Okay, let’s jump into the planet bookmarks now!
List of Supplies for Planet Bookmarks
- Colored craft papers
- Popsicle sticks
- Planet Template #1 (opens in new window)
- Planet Template #2 (opens in new window)
Instructions for Planet Bookmarks
Select different colored craft papers for the planet bookmarks. Let’s start our craft with the sun and planet Earth. Select yellow and orange craft paper for the sun, and select blue and green craft paper for the planet Earth craft.
Trace the base of the sun on orange paper and trace the base of the earth on blue paper. Then trace the other patterns of the sun on yellow paper and the earth patterns on green paper.
Take the big circle pattern of the sun and glue it to the center of the orange base.
Take the small circle cutout of the sun and attach it to the center of the big one.
Now, you’ll need to take the green cutout of the earth patterns and glue them onto the round blue base prepared for the planet Earth craft.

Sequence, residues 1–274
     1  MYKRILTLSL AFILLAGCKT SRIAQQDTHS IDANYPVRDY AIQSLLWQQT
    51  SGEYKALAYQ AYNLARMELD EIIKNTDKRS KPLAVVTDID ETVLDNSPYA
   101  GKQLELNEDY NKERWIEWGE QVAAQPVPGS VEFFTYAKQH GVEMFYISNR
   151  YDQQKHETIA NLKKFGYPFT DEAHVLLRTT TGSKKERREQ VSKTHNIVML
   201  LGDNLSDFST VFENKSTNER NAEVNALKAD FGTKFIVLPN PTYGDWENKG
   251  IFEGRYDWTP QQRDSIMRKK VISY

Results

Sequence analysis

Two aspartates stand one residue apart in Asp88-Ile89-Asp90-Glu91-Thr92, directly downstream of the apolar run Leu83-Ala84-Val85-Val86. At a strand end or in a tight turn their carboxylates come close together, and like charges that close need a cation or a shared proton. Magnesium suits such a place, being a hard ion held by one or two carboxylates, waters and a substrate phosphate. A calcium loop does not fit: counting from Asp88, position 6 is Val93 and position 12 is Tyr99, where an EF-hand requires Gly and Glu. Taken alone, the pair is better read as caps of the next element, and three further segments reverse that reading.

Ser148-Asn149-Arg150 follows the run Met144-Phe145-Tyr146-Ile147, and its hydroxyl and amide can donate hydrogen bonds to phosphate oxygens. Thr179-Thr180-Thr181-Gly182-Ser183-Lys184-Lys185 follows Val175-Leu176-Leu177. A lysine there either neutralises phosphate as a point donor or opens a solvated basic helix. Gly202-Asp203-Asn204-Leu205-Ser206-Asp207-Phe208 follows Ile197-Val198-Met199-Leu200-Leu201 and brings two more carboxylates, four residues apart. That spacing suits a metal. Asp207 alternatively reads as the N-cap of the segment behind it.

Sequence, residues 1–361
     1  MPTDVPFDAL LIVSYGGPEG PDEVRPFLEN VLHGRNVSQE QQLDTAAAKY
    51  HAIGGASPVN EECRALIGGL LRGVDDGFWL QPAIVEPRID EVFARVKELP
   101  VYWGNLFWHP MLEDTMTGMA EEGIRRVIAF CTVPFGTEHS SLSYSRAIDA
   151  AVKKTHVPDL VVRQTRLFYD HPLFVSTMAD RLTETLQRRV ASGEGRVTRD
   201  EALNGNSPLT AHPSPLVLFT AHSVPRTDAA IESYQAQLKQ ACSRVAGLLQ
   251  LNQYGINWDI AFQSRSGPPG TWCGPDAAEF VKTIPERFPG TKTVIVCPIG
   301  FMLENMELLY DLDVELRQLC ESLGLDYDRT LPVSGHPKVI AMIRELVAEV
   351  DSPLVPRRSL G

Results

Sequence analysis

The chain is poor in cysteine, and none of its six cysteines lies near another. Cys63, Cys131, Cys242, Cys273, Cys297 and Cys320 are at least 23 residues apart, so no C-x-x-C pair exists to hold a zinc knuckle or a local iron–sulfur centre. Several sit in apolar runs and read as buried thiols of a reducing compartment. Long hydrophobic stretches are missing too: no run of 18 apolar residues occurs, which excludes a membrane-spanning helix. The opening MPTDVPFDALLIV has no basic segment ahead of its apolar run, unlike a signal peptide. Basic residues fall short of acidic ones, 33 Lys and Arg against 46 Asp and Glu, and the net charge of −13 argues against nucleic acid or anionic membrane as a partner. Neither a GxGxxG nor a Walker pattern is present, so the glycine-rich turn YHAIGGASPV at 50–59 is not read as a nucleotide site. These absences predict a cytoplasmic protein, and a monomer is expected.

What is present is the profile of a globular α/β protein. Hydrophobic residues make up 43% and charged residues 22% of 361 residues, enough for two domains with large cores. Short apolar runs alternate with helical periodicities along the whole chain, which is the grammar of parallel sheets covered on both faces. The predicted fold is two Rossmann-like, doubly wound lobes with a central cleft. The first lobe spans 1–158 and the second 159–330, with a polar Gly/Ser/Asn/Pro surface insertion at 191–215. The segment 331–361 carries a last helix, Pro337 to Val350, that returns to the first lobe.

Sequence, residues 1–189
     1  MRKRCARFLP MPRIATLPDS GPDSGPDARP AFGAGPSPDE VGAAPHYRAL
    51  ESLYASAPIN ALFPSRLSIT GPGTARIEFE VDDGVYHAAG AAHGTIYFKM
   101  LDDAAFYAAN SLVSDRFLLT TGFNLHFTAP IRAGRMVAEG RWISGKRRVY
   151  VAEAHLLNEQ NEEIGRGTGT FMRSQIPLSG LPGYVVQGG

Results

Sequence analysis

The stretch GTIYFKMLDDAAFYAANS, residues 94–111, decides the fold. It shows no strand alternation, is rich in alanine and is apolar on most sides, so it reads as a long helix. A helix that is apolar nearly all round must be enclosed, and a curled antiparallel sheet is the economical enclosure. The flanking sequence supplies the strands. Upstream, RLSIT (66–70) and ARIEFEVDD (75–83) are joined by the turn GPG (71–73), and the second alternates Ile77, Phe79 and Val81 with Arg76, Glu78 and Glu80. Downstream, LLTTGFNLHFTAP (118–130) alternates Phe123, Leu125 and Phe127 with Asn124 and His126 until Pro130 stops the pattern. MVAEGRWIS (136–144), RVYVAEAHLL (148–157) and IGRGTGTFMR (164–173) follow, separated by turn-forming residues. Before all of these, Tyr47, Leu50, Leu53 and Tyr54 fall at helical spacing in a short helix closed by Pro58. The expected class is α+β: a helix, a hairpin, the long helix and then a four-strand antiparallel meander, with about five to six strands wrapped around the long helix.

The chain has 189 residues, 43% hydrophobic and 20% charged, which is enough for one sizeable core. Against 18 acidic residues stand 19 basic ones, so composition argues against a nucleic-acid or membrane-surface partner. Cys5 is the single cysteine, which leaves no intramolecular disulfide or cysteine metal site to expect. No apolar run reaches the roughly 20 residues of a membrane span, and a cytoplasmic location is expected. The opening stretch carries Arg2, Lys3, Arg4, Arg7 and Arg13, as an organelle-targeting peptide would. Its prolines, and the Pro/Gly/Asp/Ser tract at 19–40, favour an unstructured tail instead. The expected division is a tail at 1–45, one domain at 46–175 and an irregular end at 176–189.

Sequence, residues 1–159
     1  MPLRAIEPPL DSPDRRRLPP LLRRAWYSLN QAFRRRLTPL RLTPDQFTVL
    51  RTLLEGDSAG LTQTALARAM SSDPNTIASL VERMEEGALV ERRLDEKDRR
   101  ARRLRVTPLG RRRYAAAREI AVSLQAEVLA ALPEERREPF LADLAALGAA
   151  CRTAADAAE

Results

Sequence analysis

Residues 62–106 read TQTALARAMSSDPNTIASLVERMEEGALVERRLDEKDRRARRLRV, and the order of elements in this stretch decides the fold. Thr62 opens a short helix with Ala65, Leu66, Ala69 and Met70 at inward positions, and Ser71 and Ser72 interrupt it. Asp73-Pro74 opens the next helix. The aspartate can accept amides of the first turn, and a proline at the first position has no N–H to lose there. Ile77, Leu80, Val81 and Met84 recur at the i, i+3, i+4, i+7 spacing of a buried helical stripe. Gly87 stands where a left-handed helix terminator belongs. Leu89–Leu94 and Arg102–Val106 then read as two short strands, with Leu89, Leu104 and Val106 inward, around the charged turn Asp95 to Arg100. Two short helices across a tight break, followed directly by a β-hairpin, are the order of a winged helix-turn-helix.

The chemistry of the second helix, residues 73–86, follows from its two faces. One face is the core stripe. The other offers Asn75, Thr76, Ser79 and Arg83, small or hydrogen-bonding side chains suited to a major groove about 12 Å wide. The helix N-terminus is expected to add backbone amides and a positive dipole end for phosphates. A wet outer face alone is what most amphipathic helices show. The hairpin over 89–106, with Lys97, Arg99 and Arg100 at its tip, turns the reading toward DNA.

Finally, glue the sun and planet Earth onto popsicle sticks to complete your planet bookmarks.
Use the template and follow the steps above to craft the rest of the planets.
Whether you’re an avid reader or just looking for a fun DIY project, making planet bookmarks is a great way to express your creativity and add a little bit of outer space to your day.
- Are you looking to make more out-of-this-world bookmarks? Add this rocket bookmark to your list!
- If you’re doing a homeschool unit on space and looking for a way to help your child learn some facts about the planets in our solar system, check out this printable activity.
- Do you have younger children in your homeschool? This is a fun and easy solar system activity for little learners.
- Older students will love these hands-on Mission to Mars activities!
- Another fun and creative project for older students is this painting stars activity.
- Or try these free astronaut and rocket ship lessons for kids of all ages.
- You can use this 20-page digital download about planets to teach your child about the solar system. This packet covers all the planets, including Pluto and the dwarf planets, as well as the sun, moon, comets, and more.
- Check out this comprehensive list of ideas, resources, and activities on the theme of space, planets, and stars.